AHA Meeting, New York, January 2 – 5, 2015

The AHA, believe or not, it is becoming more innovative year after year. For this coming 2015 AHA Annual Meeting in New York City, there has been a call for creative session formats, and the theme is History and the Other Disciplines (wink-wink digital humanities). Even this past meeting has its own Storify! The AHA is trying to be, not only up-to-date and “hype,” but also to understand that times are changing. For 2015, the AHA challenges historians to think outside the box with proposals like “TED Talk”-style presentations, PechaKucha, or digital sessions where “[a]ll sorts of things are possible now that were not even imaginable [before].”

So here it is my call. The deadline for submitting session proposals is February 15. Is it still possible to put together a session with revolutionary (in the digital sense) ideas in only 10 days? You tell me! I am up for the test. I am working on ways to both democratization of historical research through new media with my dissertation on the physicality of memory in Spain during the twentieth century. Remember, you don’t have to submit the full presentation (these are the requirements), so as long as you have an idea based on the research you are conducting right now, or that you project to conduct over the summer and the fall, we can do this!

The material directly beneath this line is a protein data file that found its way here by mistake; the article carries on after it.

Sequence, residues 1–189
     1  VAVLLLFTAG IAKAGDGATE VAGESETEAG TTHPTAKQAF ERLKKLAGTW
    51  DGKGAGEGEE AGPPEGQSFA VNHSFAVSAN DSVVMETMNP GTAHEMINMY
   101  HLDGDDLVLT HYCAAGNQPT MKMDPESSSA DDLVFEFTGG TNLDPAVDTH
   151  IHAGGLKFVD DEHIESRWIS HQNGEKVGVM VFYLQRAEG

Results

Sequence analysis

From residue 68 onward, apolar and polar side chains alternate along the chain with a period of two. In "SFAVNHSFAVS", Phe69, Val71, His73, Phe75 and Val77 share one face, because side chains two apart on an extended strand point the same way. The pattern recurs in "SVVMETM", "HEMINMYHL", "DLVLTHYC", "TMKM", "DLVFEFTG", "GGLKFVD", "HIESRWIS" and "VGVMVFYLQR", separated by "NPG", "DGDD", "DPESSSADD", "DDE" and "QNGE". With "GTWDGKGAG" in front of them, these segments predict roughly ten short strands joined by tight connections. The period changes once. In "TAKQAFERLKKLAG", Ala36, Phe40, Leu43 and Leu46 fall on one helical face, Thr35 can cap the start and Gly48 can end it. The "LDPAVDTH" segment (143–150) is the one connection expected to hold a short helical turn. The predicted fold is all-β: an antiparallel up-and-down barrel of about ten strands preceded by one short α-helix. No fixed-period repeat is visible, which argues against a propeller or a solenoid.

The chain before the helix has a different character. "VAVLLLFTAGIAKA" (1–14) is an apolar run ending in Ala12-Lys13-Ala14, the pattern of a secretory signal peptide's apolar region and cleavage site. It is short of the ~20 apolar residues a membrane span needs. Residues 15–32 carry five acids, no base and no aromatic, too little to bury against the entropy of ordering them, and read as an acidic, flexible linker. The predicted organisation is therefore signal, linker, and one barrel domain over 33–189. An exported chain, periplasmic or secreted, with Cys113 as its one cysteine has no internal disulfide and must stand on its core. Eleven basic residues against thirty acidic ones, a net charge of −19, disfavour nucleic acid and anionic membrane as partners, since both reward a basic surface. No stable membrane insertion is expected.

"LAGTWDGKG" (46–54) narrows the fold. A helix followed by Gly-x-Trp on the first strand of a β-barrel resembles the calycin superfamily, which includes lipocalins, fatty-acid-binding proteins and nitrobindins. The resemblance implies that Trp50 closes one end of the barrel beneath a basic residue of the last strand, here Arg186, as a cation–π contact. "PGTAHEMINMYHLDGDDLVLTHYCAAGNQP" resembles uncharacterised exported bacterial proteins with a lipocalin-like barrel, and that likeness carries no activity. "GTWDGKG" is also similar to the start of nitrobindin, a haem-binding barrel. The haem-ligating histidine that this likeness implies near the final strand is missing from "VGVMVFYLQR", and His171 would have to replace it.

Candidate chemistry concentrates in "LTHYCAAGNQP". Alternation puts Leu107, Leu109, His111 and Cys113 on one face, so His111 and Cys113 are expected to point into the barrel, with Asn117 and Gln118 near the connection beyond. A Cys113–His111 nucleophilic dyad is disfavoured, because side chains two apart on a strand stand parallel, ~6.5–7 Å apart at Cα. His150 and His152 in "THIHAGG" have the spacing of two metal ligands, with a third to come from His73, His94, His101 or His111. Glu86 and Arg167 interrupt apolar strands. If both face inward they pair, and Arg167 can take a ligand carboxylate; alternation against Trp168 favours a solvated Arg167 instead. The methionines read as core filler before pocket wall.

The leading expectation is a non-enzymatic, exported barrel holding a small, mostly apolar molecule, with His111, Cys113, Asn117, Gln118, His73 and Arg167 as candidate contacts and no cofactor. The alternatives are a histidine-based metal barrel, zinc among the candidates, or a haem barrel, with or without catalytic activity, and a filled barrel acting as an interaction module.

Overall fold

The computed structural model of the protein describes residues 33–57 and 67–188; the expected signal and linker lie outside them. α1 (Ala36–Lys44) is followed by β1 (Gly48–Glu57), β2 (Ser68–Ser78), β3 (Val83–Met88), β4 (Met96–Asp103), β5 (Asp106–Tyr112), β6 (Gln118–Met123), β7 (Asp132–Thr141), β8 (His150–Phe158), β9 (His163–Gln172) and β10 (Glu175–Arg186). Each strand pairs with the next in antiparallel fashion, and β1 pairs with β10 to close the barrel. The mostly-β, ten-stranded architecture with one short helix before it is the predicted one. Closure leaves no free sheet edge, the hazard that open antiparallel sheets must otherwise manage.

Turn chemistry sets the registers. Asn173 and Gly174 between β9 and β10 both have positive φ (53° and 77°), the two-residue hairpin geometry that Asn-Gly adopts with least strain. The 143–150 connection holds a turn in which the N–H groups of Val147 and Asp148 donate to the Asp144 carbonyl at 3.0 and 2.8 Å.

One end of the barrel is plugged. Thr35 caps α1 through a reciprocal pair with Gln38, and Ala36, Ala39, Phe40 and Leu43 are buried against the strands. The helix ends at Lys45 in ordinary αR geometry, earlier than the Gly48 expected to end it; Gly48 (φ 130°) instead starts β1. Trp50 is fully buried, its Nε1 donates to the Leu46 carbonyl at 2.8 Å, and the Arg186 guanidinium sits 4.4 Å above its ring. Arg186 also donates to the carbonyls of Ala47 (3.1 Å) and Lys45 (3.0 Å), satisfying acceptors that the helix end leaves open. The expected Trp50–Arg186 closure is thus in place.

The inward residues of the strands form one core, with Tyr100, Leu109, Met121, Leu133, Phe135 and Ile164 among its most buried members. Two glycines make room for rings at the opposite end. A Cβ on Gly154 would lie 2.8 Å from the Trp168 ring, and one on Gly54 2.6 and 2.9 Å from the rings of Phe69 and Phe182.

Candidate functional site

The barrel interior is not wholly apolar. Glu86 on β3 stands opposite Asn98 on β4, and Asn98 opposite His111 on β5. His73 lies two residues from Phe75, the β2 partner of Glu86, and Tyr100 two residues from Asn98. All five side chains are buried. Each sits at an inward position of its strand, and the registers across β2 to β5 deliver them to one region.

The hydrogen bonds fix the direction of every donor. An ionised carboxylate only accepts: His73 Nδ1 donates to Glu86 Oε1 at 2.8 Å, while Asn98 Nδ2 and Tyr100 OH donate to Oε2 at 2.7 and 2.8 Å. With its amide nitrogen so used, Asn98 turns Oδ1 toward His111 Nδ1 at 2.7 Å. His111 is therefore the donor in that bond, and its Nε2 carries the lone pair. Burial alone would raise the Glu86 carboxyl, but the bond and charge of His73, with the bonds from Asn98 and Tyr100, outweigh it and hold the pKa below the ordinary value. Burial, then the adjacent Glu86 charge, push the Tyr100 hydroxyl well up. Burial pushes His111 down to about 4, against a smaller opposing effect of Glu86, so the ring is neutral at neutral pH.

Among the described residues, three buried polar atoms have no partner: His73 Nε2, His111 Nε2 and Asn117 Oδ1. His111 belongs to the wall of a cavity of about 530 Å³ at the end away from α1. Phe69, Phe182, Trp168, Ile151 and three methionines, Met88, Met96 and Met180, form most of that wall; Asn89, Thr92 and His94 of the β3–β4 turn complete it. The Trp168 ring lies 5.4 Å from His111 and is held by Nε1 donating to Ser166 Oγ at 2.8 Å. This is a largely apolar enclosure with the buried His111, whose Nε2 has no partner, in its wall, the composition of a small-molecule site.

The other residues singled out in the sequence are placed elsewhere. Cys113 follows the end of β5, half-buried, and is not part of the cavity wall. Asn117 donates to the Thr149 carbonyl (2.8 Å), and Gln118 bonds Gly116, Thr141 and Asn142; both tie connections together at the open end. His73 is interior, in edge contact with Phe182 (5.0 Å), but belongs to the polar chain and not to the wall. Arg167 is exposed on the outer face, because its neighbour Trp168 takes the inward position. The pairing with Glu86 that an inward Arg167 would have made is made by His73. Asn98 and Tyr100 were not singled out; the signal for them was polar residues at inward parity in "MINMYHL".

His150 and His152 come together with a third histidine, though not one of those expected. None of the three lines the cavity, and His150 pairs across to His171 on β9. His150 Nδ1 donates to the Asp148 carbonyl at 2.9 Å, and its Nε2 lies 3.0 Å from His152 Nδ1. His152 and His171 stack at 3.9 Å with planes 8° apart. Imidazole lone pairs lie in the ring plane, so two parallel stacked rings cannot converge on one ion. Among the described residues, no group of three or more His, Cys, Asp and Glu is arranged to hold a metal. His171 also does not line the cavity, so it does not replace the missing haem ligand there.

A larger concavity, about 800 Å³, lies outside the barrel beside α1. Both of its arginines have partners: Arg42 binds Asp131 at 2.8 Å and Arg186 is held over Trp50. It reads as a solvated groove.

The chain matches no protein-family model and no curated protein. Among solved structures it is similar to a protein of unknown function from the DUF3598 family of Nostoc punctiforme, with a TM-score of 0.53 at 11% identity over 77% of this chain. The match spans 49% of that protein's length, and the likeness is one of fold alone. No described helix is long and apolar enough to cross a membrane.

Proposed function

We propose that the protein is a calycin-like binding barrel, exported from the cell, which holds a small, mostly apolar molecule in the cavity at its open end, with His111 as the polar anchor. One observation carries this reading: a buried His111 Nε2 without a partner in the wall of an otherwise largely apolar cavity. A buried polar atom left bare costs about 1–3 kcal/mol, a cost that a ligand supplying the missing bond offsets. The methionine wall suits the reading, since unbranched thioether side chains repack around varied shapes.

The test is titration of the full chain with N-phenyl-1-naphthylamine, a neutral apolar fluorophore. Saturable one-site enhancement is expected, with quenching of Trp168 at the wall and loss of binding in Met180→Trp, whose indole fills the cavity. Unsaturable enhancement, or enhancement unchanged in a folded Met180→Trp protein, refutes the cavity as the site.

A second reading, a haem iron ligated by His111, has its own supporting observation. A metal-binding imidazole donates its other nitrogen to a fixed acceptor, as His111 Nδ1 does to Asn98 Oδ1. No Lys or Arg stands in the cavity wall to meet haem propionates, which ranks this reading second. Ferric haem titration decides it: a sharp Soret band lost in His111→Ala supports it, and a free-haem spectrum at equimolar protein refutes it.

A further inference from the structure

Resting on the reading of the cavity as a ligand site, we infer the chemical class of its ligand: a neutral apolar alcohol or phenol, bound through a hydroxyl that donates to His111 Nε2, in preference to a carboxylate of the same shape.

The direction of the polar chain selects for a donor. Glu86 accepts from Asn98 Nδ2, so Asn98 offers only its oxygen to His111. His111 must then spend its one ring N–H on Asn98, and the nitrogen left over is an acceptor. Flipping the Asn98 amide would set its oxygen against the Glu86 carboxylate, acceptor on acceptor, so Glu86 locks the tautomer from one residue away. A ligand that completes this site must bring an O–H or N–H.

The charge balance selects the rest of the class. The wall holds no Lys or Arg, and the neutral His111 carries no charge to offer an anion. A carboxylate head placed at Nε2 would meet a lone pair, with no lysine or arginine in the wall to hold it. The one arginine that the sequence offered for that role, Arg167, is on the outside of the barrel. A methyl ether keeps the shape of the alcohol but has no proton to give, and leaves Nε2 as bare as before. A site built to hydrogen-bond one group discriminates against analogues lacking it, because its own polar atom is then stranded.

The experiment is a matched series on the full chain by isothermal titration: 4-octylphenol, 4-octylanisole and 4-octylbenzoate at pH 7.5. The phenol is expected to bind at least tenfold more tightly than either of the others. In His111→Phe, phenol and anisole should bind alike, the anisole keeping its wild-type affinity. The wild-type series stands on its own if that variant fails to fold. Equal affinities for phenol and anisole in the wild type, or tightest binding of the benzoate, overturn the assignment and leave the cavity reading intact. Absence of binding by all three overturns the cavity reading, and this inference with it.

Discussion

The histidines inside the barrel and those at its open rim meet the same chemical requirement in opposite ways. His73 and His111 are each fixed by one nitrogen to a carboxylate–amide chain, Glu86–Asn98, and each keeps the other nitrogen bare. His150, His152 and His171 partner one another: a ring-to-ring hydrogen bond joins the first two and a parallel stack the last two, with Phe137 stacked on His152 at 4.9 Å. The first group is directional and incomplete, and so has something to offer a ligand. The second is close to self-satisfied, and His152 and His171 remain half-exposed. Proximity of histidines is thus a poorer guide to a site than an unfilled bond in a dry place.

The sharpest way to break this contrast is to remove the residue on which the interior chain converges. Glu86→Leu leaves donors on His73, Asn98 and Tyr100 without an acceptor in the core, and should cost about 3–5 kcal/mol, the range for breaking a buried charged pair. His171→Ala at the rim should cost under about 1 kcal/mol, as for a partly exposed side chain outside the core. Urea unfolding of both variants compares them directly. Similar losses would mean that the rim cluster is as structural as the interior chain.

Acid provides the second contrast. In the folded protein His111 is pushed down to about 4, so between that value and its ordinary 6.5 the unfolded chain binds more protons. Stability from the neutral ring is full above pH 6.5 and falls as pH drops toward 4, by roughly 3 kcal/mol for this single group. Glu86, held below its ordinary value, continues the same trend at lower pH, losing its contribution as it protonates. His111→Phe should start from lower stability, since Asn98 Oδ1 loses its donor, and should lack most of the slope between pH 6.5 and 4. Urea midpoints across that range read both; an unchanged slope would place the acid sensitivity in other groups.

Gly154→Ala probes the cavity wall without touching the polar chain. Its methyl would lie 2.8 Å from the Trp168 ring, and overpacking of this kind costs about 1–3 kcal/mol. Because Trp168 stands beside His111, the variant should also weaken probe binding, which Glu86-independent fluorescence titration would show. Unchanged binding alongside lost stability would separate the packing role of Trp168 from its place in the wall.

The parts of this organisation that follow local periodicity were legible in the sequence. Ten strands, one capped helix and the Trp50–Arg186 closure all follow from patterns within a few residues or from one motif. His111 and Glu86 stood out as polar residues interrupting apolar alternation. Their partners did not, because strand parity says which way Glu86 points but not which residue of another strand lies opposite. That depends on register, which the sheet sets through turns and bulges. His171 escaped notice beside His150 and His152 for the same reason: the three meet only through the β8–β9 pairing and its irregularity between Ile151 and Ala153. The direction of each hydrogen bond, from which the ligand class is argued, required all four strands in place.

Besides, it is always fun to go to conferences and all, but I recognize that accommodations can be tricky as we all live under tight budget constrains. Consider that we can always find somebody willing to host us in their couch, or you can open a hotel rewards’ program credit card (I apologize for the product placement but I have the Marriott Rewards Credit Card from Chase and I got 4 free nights after opening the account; and there several others out there as well)

If you would like to try this with me, send me an email to fpadr009@fiu.edu.


Why the heck did I choose_____________as my research topic?

Should historians try to change the world? Can we make a difference with our research? Do we want our work to be relevant in our society? How do historians pick their research topics?  Why didn’t I choose I different profession?